Good morning all and welcome to: Guest Post Exchanging fluids. Things have been a little crazy around here, the end of the basketball season, karate classes, and doctor’s appointments. So, again, I apologize for the delay. Today I’m going to talk today about protecting yourself from accidental exposure to the zombie virus.
We’ve all seen the movies and TV shows where our hero is running around with a baseball bat or chain saw, mowing through a hoard of undead. When he/ she is finished, the blood and guts of the recently re-deceased is dripping from the bat/ chainsaw, our hero, their clothes, the walls, pooling on the floor… You get the picture. Remember a couple of weeks ago on The Walking Dead when Daryl 9 ironed the zombies brains all over Beth’s white cardigan? That sent a shiver down the spine of this nurse.
I have to stop and point out that in my world the zombie plague is caused by some form of infectious disease; most likely a virus, bacteria, or even prion of some kind. I also am going on the premise that the plague is NOT airborne. I don’t believe the human race could survive in a world where the zombie plague is as contagious as the flu or common cold. So, we won’t deal with that possibility.
So, the dead are stumbling around your neighborhood. Obviously, you don’t want them there. You live near a school, and there may be kids playing. They need to go away. So, you grab your trusty bat and go out to smash some heads. But wait, what are the risks? Even if you don’t get bit, you can get exposed. But, how?
Well, let’s look at how you won’t get exposed. You won’t get exposed just from getting it on your skin. Skin is made for just that reason. It keeps the bad stuff out, and the good stuff in. So, just getting zombie guts on your skin will not cause you to turn into a raging, brain eating zombie. That is, if your skin is intact.
Take a moment to take a look at your hands and arms. Aside from your head, these parts tend to be exposed to the environment far more than the rest of your body. Look at how many places are a little red, maybe a scratch or hangnail. Unfortunately, I live with a few cuts, scrapes, and abrasions on my hands and arms all the time. I have kids and animals. There’s always something scratching me. So, l my skin is by no means a 100% effective barrier to the zombie virus.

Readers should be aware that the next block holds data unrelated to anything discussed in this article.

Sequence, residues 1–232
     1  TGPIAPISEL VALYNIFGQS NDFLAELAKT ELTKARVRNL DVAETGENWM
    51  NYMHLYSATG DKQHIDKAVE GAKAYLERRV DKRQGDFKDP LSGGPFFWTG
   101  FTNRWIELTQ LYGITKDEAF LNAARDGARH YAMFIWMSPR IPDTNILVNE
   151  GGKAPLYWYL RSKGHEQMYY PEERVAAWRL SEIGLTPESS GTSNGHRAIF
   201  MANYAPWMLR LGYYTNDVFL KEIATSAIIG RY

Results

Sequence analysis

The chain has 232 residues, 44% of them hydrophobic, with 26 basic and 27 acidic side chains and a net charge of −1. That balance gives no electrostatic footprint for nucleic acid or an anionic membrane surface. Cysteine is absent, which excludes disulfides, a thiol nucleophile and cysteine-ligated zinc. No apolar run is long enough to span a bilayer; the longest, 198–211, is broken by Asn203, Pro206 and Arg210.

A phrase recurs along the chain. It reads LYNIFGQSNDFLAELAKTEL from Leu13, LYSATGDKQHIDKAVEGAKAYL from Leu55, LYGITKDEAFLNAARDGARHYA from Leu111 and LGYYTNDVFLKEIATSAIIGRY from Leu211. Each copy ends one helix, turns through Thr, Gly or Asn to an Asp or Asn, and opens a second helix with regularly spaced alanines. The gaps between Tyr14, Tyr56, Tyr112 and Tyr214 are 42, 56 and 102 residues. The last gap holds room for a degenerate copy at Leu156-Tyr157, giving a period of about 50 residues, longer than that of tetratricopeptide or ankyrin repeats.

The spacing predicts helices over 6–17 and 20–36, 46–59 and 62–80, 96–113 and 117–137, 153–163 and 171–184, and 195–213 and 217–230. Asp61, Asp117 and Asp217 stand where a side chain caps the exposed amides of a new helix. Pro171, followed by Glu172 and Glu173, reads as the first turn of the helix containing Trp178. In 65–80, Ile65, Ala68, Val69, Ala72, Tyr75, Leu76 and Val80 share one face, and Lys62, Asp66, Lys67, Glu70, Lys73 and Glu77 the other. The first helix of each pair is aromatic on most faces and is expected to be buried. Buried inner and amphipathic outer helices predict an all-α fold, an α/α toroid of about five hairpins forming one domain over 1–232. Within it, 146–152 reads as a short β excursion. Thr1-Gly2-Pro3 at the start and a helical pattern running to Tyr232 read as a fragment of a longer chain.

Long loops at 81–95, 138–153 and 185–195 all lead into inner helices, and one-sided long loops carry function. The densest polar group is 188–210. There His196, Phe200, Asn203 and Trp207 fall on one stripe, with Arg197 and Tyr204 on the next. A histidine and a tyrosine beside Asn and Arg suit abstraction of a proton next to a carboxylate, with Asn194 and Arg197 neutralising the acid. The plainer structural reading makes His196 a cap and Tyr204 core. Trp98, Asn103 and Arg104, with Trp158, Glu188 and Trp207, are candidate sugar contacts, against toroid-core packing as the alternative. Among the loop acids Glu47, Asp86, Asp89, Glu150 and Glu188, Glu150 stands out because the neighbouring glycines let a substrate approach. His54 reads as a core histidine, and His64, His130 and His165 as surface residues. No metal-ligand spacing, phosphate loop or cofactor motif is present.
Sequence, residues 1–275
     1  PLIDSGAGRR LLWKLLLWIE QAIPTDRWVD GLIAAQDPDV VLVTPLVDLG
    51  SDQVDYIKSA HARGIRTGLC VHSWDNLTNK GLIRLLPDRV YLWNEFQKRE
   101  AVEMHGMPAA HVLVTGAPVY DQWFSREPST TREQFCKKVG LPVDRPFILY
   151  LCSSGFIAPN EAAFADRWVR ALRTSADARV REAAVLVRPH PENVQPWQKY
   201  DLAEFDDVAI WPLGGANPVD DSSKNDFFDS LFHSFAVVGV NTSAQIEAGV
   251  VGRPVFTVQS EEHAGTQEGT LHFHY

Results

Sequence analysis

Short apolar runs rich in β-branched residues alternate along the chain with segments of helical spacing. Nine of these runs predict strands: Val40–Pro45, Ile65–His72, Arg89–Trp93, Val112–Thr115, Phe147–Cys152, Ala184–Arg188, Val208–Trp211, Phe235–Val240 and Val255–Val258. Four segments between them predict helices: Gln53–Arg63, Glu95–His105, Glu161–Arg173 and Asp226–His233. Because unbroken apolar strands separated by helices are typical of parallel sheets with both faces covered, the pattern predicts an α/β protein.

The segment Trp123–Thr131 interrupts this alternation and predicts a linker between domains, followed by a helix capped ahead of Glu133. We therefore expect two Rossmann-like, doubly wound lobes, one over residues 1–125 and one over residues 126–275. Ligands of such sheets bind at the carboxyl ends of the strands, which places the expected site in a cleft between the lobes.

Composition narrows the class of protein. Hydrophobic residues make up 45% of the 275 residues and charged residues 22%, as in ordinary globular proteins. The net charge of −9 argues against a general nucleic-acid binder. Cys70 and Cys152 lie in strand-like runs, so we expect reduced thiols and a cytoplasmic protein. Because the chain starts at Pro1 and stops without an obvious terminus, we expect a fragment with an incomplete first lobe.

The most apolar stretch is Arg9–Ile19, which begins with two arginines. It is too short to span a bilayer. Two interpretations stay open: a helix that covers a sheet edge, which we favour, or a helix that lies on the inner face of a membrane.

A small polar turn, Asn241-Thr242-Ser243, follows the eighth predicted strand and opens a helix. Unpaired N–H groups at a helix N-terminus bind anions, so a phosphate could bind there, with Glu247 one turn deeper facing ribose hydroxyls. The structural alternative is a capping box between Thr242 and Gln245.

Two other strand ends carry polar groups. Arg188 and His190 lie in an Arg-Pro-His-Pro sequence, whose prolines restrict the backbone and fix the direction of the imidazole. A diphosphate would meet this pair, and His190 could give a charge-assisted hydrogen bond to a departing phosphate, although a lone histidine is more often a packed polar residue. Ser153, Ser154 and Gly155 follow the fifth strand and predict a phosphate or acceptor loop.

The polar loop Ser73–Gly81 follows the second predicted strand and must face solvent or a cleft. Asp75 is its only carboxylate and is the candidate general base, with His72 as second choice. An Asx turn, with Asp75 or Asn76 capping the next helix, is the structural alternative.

Two weeks into the zompocalypse; running through the woods, over hill and dale, and my skin is going to be even worse. Ladies think about your hands and face when you don’t get to moisturize for two weeks.
Aside from breaks in the skin, how else can a virus enter the system? Mucous membranes! That’s how. But, where are mucous membranes you might ask? That’s an excellent question. Well, you know there are mucous membranes in your nose and sinuses. But, those are protected from the outside world by the outside of your nose. They’re nicely trucked up and hidden away.
But, they are not the only places in your body that can absorb something into the blood stream. Your eyes and mouth are probably your most vulnerable areas. Anyone who knows a heart patient knows they put a Nitro tablet under their tongue and it absorbs into the system. It’s the same with a germ if it is small enough. (Viruses and prions are extremely small. Bacteria are relatively large in comparison.)
There are also several other places where our zombie plague can invade the body. You would think that the stomach would be an easy route of infection. While I am absolutely NOT condoning the eating of zombie flesh, the GI tract is pretty tuff. Most of your immune system surrounds the GI tract. Like I said, I wouldn’t eat zombie meat.
Then there is the back end of the GI tract. That’s right boys and girls. I’m talking about your bum. The human colon is designed to reabsorb water back into the system. I won’t get into the specifics of how one may become exposed through their backside. Let’s just say don’t sit down on a dead zombie’s body.
There is also the reproductive system. No! Don’t do it! ‘Nough said!
So, how do you deal with the risks? It’s hard enough to spend your time running from zombies. What do you do when you are forced to turn and fight? You have to protect those areas we just discussed.
1. Get some gloves. You don’t need to have hospital grade sterile gloves. A good pair of household cleaning gloves will work great. They’re tough and you can wash and reuse them. I would raid your cleaning cabinet before dealing with the zombie threat.
2. Goggles. You can get any kind of goggle you want. You’re worried about splashed fluid, not submerging into a pool of goo.
3. Get a MASK! Do not use your shirt tied around your face. Get something that is not going to let the zombie’s gooey middle parts soak through and get in your mouth. If you are one of those who has trouble with allergies when you mow your yard and use a yard particulate mask then you have what you need. If you don’t, go to your local ER during flu season with the sniffles. They’ll shove you in a mask so fast your head will spin.
4. If you can get hold of some water resistant outer garments you should wear them whenever you are going to deal with the undead.
Basically, turn on the Discovery Channel or Discovery Heath and watch one of those ER shows. What you see them wearing when they have a gunshot wound or stabbing victim, is what you should strive for if you are going to be in close contact to the infected.
Good luck, and just look at the flowers.
About the author:
Glyn Gardner served in the U.S. Army as a combat medic. He is the author of the zombie novel Apex. Keep up with his blog at:
And purchase Apex on Amazon: